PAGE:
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Wireless Africa

Wireless Africa is about researching ways and means to develop sustainable information and communications technology in developing countries. The focus is to address the challenges of closing the digital divide that exists within and between developing countries.

Research within Wireless Africa follows two distinct but related tracks. The first component is social research which is investigating how a number of projects in communities around South Africa, Angola and Mozambique are able to create community owned wireless infrastructure that is sustainable.

This research uses outcomes mapping to closely monitor the progress made by these projects towards the goal of self-sustainable community owned communication technology. Most of these projects are specifically looking at applications in health, education and related service delivery areas.

The second component of wireless Africa is looking at ways in which technology barriers can be removed or minimized to enable bottom-up creation of wireless access infrastructure. The group is performing research in the areas of mesh networking, low cost voice/messaging devices, low cost access points and antennas, and network security. Mesh networking research is particularly interesting in that a community can grow a wireless network in an ad-hoc manner without the need for large capital investment in radio masts. Two experimental test bed mesh networks have been installed in Pretoria and Mpumalanga and are continually increasing in size to understand issues such as scalability and quality of service.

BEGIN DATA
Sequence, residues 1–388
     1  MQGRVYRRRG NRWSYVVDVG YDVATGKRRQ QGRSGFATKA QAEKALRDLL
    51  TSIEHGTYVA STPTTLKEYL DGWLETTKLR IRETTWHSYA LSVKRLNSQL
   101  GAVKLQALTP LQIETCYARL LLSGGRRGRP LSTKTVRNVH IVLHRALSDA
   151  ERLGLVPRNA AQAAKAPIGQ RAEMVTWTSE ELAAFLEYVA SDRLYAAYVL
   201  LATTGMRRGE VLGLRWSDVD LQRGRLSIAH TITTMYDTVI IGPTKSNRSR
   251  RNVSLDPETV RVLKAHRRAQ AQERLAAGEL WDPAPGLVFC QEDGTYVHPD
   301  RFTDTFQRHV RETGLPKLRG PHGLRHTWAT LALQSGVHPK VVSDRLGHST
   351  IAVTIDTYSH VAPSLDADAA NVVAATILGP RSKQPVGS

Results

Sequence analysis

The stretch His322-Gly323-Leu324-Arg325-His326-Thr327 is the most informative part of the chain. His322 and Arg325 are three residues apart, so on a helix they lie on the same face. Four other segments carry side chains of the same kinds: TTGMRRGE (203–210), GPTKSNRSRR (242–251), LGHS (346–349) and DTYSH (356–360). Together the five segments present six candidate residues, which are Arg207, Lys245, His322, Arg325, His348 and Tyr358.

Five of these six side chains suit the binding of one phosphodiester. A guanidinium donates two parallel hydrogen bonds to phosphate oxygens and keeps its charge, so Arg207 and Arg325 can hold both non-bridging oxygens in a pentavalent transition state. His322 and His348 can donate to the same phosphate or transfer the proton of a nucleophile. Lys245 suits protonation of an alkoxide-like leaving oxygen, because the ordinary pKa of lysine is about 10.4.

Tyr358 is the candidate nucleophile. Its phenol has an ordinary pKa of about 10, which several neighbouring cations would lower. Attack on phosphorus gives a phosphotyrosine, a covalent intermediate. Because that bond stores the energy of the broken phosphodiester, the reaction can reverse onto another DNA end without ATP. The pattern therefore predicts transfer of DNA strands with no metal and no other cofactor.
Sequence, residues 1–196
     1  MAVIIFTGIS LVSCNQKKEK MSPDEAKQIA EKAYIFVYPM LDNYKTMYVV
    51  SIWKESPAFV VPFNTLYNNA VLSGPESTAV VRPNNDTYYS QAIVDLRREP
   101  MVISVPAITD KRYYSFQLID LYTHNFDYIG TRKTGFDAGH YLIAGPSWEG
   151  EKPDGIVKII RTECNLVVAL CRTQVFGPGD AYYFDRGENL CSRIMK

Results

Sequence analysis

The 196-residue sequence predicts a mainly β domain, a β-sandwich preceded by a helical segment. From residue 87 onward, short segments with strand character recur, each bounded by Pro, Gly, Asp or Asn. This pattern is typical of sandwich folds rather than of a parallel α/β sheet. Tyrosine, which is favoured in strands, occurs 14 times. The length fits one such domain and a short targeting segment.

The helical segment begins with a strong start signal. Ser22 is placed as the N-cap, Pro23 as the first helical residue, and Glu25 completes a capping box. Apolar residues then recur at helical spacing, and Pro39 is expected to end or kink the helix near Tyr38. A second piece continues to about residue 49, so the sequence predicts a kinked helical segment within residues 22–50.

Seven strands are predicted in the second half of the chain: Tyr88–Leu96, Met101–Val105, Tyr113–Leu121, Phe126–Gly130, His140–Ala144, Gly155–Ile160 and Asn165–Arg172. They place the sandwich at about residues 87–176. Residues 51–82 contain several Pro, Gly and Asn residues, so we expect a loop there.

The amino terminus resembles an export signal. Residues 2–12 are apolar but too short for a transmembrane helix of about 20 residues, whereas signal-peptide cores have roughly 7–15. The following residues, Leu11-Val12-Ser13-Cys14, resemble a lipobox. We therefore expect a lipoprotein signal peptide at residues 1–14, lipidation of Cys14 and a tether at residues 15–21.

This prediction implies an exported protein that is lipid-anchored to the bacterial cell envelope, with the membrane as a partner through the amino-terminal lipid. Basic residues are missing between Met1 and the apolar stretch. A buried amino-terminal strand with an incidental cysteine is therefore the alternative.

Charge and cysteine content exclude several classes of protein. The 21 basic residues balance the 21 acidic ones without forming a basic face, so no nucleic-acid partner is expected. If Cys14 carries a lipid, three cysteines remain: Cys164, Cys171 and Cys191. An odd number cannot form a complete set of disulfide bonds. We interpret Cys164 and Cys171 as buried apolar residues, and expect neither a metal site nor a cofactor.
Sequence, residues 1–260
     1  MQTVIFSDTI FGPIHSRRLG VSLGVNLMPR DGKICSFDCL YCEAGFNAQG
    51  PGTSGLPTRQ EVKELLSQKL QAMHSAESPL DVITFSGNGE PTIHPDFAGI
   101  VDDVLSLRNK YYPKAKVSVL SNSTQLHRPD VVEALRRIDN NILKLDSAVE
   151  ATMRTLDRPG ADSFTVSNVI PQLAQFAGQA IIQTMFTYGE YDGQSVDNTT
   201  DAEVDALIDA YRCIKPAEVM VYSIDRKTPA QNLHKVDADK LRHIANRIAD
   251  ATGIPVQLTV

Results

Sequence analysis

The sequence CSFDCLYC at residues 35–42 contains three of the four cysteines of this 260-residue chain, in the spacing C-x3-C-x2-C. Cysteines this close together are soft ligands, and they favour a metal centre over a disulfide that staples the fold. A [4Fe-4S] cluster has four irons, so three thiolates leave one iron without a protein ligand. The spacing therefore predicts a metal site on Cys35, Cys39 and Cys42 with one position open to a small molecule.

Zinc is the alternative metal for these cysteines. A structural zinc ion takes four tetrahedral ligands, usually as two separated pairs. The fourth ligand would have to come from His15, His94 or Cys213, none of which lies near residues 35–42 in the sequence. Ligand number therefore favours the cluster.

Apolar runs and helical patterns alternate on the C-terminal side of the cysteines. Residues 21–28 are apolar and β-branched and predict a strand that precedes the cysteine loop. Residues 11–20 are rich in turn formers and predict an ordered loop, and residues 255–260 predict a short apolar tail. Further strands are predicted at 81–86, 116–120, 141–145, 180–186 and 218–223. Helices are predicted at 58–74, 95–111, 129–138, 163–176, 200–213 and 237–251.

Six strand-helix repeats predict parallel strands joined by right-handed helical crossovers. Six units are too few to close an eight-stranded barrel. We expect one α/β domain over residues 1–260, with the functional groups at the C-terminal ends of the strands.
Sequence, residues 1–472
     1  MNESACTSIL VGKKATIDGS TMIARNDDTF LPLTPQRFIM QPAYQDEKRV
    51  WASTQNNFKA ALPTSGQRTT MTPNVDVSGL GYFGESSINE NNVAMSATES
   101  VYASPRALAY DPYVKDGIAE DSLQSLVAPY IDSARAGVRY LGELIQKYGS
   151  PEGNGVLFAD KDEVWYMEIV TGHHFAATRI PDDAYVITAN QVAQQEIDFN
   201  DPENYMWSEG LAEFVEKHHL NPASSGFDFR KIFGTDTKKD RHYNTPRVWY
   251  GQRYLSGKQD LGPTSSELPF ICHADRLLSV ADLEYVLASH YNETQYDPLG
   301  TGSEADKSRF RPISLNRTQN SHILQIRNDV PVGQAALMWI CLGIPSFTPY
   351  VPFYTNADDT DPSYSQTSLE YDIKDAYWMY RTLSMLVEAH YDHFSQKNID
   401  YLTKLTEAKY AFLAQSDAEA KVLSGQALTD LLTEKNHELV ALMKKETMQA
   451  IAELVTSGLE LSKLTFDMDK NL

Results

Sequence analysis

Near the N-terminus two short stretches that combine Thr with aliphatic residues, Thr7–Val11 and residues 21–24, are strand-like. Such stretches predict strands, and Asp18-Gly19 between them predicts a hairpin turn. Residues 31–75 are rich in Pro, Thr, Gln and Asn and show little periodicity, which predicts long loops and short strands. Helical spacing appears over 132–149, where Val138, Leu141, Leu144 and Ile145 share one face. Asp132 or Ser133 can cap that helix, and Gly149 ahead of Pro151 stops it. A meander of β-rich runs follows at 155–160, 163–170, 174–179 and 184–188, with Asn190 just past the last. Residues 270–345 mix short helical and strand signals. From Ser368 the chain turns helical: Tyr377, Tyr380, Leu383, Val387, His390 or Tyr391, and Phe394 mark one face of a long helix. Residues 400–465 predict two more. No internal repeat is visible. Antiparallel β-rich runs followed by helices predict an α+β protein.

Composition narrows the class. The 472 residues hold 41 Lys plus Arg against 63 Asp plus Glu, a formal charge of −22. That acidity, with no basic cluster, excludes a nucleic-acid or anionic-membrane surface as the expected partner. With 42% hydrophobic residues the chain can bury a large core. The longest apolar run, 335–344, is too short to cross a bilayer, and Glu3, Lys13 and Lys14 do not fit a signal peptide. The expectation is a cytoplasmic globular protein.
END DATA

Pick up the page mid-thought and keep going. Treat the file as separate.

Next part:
Please visit our pages to see what Wireless Africa does, learn about the research we conduct and the test bed network we have implemented. Read about our First Mile First Inch project .

  Contact: Kobus Roux +27 12 841 4460
Copyright © Meraka Institute 2007
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